Now, come back from the garden to today’s aural culture. It seems everybody everywhere is listening to something as they are doing something else. Sound is used all the time to shape our perception. Just think of the last time you went to a gym. All the people have their own workout mix, blaring through their headphones as they thump away on a treadmill or churn on an elliptical. Is what you see at the gym so very different from what happened in the garden at the dawn of time?

In one sense, yes. There is certainly a distinction between spoken language and music, and between what God has said to us and what we say to each other. But there is also correspondence. Both spoken language and music rely on the medium of sound to shape perspective. That this still happens is a testament to the sort or world we live in: a world of sound, made by God’s speech, and resting on it (Heb 1:3).

In this world, sound matters; it sends out ripples on the pond of reality, which is itself formed by God’s voice. When we turn on music, it is as if the sound waves of the songs we listen to meet the sound waves of God’s world: ripples collide. Things are both the same and different. Perspectives shift. As soon as we turn the music off, reality seems to settle back down again, and we are left with the world God has spoken. This world, we now know, has a song of its own—and even the fields and the trees take part (Ps 96:12)—but sometimes we do not hear it. In times like these, we can be moved by another song that helps us to hear the music God is already providentially playing all around us in the orchestra of his world. I wonder sometimes if I take enough advantage of this.

Consider my highway traffic experience. I would have been far more irritated, and blinded to the raw beauty around me, had I not heard the song on the radio. That is not to say there is no value in silence; but even silence itself is not “pure” silence. When I have the music turned off, I hear the car engine humming, the whoosh of other vehicles passing me by, the sound of my tires on the protruding joints in the road. There is always a song. God’s world is not a silent place.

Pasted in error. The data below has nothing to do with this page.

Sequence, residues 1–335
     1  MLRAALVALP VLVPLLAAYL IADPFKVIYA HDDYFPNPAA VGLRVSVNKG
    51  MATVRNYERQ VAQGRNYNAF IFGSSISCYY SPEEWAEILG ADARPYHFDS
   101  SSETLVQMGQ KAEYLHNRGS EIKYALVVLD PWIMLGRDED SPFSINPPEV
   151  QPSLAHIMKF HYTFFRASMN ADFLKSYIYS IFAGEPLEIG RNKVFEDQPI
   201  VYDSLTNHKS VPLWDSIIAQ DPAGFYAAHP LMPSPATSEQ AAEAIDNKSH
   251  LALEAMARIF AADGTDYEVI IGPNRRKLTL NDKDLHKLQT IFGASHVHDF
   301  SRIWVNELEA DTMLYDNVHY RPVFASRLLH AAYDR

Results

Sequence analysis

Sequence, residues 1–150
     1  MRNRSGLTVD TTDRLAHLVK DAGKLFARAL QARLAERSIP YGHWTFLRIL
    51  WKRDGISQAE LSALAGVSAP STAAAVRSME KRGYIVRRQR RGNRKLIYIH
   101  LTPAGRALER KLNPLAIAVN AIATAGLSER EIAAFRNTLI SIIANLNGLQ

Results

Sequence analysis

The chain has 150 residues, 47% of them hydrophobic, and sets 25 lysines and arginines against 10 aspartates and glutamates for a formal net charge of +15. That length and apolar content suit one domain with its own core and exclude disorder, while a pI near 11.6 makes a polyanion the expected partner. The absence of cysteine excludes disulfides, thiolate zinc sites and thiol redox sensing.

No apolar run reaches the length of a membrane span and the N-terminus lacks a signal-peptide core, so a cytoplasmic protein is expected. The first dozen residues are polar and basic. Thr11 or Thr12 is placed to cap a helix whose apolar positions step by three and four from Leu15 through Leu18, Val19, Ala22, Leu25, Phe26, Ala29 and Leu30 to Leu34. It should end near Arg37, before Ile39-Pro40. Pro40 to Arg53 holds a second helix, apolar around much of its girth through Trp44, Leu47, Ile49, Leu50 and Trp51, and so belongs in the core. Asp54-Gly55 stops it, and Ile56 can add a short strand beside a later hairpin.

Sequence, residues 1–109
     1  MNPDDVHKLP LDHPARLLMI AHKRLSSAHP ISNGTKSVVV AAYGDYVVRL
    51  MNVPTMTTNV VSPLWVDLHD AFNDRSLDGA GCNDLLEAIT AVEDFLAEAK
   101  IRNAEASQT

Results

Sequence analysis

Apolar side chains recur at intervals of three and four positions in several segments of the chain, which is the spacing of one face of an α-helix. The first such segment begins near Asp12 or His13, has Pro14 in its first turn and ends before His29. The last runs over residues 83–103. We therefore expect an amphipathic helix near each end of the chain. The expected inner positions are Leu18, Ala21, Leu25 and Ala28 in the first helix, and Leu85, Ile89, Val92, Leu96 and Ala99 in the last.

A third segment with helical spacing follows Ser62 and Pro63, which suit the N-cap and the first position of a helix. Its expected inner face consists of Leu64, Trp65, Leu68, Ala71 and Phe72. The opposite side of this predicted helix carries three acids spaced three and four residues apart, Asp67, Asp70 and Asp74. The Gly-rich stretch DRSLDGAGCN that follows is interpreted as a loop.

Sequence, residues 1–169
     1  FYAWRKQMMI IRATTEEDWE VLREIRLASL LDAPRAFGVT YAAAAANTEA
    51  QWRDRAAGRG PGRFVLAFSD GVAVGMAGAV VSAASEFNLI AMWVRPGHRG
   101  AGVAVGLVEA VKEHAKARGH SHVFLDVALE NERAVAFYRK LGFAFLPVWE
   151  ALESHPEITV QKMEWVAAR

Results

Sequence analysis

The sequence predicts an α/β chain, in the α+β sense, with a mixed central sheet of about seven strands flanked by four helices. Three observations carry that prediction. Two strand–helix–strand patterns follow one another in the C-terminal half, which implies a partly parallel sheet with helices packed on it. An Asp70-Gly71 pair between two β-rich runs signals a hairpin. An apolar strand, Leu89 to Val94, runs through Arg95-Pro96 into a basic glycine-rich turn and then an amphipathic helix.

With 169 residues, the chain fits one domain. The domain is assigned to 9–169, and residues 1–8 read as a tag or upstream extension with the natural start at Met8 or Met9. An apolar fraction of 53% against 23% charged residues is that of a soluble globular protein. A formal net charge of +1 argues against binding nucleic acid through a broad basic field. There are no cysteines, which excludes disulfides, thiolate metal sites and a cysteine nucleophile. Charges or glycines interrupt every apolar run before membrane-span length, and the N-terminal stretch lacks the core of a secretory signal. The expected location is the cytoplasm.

What am I getting at, exactly? I’m simply saying that sound matters in God’s world, that it affects us in ways we are often ignorant of, and that we might learn a thing or two from looking at the same thing with and without music in the background. Life can be turned to art when set to notes, and that makes all the difference when you are caught in a rush-hour backup. But this is just the beginning. Think of all the experiences we have that could be enriched by sound, either by our recognition that God’s song is already playing or that we can add music to his melody and jumpstart our perceptive engines. The possibilities seem endless.

An implication of this phenomenon is that, while silence has its benefits for Christian contemplation, sound serves a purpose as well. It is simply one more avenue down which God can lead us to an awareness of himself as the one who speaks and whose word is what holds each of us up at this very moment (Heb 1:3). Listen in. And if you can’t seem to hear the song that creation is singing, turning on the radio isn’t the worst thing in the world. It might just give you the perspective shift you need to notice something right in front of you.

Pierce T. Hibbs (MAR) serves as the Assistant Director of the Center for Theological Writing at Westminster Theological Seminary. He is currently enrolled in the Th.M. program and studying the language theory of Kenneth L. Pike. Pierce, his wife, Christina, and their son, Isaac, reside in Telford, PA.